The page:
An Illusion Review by Joan Ellis

                 No, it is not too soon.  It was never too soon to write good books and films about the Holocaust; the world forgets;  Look at Darfur.  Paul Greengrass and everyone connected to “United 93” – actors, photographers, editors – have made this first film an absorbing jumble of what was heard from passengers over their cell phones.  Documentary in style, but imagined in essence, devoid of theatrical flourishes, the movie begins and ends with a sense of utter helplessness. 

             9/11 was a brilliant modern intelligence operation – four planes in the air simultaneously, and all but one hit their targets.  The ordinary and the extreme, and the extreme always has a precise plan.  Ordinary life is not based on precision.   The one they missed appears to have been the Capitol, and that was saved by the final surge of heroic passengers.  The terrorism of that day was an extraordinary announcement to the world that suicidal martyrdom cannot be stopped.  This is one of the great contributions of “United 93.”  There is no negotiating with martyrs; there is no religious tolerance; they will do what they want to do, and a free and open society cannot stop them.

            The vulnerabilities of an open society are on full view here.  The military, “Where are the F-16s?”  “We have two, unarmed.”  The F.A.A.?  nowhere.  The president?  In Florida.  The vice President?  No one knew.  “Who can grant permission for the F-16s to engage?”  Only the president.  “How do we get permission to shoot this flight down?”  There was no shoot-down authority. 

On the ground in the air traffic controllers’ room, the realization that they were dealing with one hi-jacking, then, two, then three, then four, was too overwhelming to be absorbed.   Communication was glued in chaos.  Mr. Greengrass refuses to personalize the passengers; they are a group trapped by awful circumstance – a brave collective.  One thing becomes obvious:  in any future hijackings, captured planes will be taken down, regardless of who is on board.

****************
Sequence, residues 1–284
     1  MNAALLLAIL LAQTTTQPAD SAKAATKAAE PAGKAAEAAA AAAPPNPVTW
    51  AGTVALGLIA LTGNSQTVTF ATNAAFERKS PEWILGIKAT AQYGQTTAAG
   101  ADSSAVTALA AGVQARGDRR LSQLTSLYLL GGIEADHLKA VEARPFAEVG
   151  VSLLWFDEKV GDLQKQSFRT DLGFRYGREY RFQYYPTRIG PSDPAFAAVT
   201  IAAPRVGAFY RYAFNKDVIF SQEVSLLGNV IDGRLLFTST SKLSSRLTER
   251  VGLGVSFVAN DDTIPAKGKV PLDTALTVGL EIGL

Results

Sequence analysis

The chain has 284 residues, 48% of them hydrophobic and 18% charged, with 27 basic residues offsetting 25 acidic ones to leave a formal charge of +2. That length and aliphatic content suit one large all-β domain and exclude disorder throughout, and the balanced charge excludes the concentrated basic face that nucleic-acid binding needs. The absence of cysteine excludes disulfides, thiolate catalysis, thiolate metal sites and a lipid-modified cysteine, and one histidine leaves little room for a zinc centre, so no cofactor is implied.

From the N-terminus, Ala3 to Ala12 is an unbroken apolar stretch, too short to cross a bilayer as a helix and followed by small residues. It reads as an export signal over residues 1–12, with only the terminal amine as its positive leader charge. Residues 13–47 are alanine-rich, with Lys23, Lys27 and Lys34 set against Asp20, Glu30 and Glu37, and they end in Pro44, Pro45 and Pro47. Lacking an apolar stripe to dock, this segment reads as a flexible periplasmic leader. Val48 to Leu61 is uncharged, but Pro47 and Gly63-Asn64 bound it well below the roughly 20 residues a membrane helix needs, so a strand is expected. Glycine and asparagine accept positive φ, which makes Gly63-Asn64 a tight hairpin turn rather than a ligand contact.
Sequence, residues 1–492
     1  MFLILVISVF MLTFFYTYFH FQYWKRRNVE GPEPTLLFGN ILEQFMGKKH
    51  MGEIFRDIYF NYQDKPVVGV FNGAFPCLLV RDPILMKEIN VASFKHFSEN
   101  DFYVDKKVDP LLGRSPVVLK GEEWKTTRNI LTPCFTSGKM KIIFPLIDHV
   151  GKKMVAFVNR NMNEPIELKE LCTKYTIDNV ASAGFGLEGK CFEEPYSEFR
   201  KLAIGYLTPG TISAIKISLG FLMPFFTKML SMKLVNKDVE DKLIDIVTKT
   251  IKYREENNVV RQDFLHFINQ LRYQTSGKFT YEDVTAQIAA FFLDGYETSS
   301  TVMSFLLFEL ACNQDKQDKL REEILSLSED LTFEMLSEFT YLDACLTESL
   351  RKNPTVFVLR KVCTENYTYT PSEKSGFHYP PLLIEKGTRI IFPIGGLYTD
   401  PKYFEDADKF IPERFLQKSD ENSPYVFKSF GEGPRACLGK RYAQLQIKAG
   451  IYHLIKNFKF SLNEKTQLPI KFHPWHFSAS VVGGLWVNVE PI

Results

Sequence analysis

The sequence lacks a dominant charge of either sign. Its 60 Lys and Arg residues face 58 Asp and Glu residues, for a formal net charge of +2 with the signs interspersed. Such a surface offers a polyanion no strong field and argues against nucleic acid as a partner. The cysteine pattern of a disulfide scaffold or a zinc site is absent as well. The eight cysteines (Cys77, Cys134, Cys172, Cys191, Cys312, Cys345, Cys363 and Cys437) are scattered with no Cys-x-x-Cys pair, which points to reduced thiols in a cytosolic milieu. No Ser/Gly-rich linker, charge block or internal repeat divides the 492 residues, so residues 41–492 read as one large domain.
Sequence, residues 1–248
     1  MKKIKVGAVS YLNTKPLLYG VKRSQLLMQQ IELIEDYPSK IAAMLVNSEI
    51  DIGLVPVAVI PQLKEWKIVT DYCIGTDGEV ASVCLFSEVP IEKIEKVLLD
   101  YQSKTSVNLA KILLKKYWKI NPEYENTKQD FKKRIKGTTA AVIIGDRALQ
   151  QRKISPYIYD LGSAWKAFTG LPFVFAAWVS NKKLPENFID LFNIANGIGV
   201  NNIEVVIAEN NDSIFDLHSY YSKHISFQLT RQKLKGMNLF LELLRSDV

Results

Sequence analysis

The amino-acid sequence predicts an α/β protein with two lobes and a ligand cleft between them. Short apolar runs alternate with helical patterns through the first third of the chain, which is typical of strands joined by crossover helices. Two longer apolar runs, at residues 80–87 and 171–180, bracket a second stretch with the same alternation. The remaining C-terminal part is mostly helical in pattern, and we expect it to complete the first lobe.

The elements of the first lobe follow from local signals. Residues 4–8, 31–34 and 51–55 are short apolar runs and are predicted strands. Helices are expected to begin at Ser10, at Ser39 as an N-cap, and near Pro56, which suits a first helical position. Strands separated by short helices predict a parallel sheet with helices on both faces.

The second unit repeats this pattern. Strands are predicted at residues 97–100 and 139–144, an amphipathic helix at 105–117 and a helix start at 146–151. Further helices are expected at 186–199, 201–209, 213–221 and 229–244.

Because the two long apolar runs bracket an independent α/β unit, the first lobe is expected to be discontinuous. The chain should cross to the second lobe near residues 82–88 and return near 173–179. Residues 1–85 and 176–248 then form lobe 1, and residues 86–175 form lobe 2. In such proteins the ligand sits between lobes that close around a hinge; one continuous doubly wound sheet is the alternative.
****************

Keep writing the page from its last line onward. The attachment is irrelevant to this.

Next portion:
There are moments here when the big questions without solution chill us to the bone:  the hi-jackers, moving their lips in silent prayer as they murder, the Americans, praying quietly to a different God.  What are we talking about in this war?  About religion?  Oil?  Tyranny?  Culture?  Suicidal martyrs and ordinary Americans, two colliding cultures trapped in an aluminum tube with absolutely no common ground, a microcosm of what has changed the world.

            Paul Greengrass has offered not just a gracious salute to some very brave people, but also the first shot in the national debate that has been too slow in developing.  He is not urging us just to remember, but to wake up to the real meaning of the conflict.  This is what happened, he seems to be saying.  “Talk about it, think about it, do something.”  At 10:03 a.m. United 93 crashed in a field in Shanksville, PA in an explosion that destroyed families and raised questions that may not be answerable in a democratic society.


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